Travellers could soon be jetting off abroad in quarantine-free summer holidays as the Government is set to announce so-called air bridges with popular destinations.
Since March 23, the Foreign and Commonwealth Office advised British nationals against all but essential international travel.
Now, a number of short-haul flights to European countries are expected to resume from next month in a bid to kick-start the tourist economy.
Here is what you need to know about air bridges and travelling abroad.
What are air bridges?
Also known as travel corridors, air bridges will allow Britons to go on holiday to certain destinations without needing to quarantine for 14 days on their return to the UK.
Which countries are likely to be included?
The Government is expected to announce next week Britain’s first air bridges with “low-risk” European destinations, including France, Italy, Spain, Greece and Germany.
According to reports, air bridges will be announced in batches, with the second set of destinations likely to include other European countries such as Denmark, Norway, Finland and Holland and “low-risk” Caribbean islands.
Transport Secretary Grant Shapps said air bridges would only be agreed with countries which have a coronavirus test and trace system of the same standard as that used in Britain.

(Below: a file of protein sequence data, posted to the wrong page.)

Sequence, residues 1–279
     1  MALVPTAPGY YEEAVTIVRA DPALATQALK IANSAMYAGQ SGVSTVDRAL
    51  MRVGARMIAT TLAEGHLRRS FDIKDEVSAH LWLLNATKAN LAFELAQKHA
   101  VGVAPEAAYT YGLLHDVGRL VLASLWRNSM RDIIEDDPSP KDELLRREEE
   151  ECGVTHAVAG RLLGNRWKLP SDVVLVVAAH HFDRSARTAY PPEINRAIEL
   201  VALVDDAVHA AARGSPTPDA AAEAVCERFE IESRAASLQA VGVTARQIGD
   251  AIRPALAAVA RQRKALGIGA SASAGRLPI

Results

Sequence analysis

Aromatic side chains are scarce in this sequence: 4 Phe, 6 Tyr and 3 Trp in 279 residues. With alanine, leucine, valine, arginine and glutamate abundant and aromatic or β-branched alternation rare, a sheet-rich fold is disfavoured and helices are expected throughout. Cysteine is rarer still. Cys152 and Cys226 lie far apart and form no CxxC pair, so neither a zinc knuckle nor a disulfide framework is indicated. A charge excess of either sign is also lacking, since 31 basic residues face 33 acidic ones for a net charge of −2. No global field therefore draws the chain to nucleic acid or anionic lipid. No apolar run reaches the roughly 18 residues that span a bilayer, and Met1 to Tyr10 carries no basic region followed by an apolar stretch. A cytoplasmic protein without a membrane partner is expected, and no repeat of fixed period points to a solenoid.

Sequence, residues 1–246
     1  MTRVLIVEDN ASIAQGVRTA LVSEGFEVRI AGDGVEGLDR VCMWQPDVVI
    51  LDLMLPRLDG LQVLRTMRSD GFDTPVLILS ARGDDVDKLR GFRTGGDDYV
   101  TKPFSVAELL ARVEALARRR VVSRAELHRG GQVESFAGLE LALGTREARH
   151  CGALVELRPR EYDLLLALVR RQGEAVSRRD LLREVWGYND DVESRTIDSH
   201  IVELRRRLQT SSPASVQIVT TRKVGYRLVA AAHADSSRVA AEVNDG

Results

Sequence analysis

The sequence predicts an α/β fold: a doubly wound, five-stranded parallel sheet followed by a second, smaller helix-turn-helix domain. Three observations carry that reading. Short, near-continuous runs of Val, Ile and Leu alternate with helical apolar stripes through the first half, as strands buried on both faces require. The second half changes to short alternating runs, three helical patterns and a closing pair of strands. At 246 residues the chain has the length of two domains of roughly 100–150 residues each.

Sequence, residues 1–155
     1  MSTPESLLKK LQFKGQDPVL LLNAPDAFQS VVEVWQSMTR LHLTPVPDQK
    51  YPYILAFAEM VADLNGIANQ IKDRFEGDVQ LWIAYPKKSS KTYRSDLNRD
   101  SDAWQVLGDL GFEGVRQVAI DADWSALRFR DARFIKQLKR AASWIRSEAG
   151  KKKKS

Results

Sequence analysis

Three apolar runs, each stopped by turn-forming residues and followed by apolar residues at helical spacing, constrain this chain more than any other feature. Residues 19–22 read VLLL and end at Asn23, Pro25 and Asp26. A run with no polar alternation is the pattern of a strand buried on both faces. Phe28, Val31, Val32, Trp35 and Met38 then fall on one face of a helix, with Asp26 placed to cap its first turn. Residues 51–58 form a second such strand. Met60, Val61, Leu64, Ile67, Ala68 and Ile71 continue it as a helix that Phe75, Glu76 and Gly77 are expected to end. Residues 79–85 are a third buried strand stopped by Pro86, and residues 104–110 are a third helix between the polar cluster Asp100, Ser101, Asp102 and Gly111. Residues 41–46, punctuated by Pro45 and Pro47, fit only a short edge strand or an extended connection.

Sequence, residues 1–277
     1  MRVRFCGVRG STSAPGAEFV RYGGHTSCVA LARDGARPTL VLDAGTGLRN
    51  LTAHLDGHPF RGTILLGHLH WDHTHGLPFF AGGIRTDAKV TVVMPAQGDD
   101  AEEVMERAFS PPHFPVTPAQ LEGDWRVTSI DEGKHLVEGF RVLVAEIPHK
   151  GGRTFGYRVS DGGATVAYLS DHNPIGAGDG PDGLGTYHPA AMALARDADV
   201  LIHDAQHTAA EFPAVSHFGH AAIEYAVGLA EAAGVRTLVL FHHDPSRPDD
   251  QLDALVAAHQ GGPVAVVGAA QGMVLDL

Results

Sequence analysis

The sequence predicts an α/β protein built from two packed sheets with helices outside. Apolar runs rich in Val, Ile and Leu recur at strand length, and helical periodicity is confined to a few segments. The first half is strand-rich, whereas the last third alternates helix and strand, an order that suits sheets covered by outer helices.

When will air bridges be introduced?
The first air bridges to low-risk countries could be in force from July 4, but Mr Shapps said no announcement will be made until June 29 when the quarantine measures will be officially reviewed.
Which countries are unlikely to be included?
There were mixed reports over whether Portugal would be included in the UK’s plans next week after a spike in coronavirus cases in the country.
Long-haul flights to destinations such as Vietnam, Singapore, Hong Kong are reportedly not expected before late summer.
Flights to Australia are thought to be more complicated due to the need to stop over in other countries, which increases the risk of contracting or spreading coronavirus.
What are the rules on quarantine?
Since June 8, all passengers – bar a handful of exemptions – have been required to go into self-isolation for 14 days when they arrive in the UK.
People who fail to comply can be fined £1,000 in England, and police are allowed to use “reasonable force” to make sure they follow the rules.
What measures have airports taken?
Last month, Heathrow Airport began trialling thermal screening technology to detect elevated temperatures of arriving passengers.
Edinburgh Airport has implemented a colour-coded one-way system to maintain social distancing, while protective screens have been installed at check-in, security and arrivals, and staff wear face coverings and personal protective equipment (PPE) in “passenger-facing areas”.
At Gatwick Airport, hand sanitiser stations, protective screens, regular deep cleaning and social distancing instructions have been introduced throughout the site, with face mask vending machines selling four masks for £3.
Pre-booked airport security slots are being trialled at Manchester Airport, in which passengers can reserve a free 15-minute window to use a dedicated lane taking them directly to a checkpoint.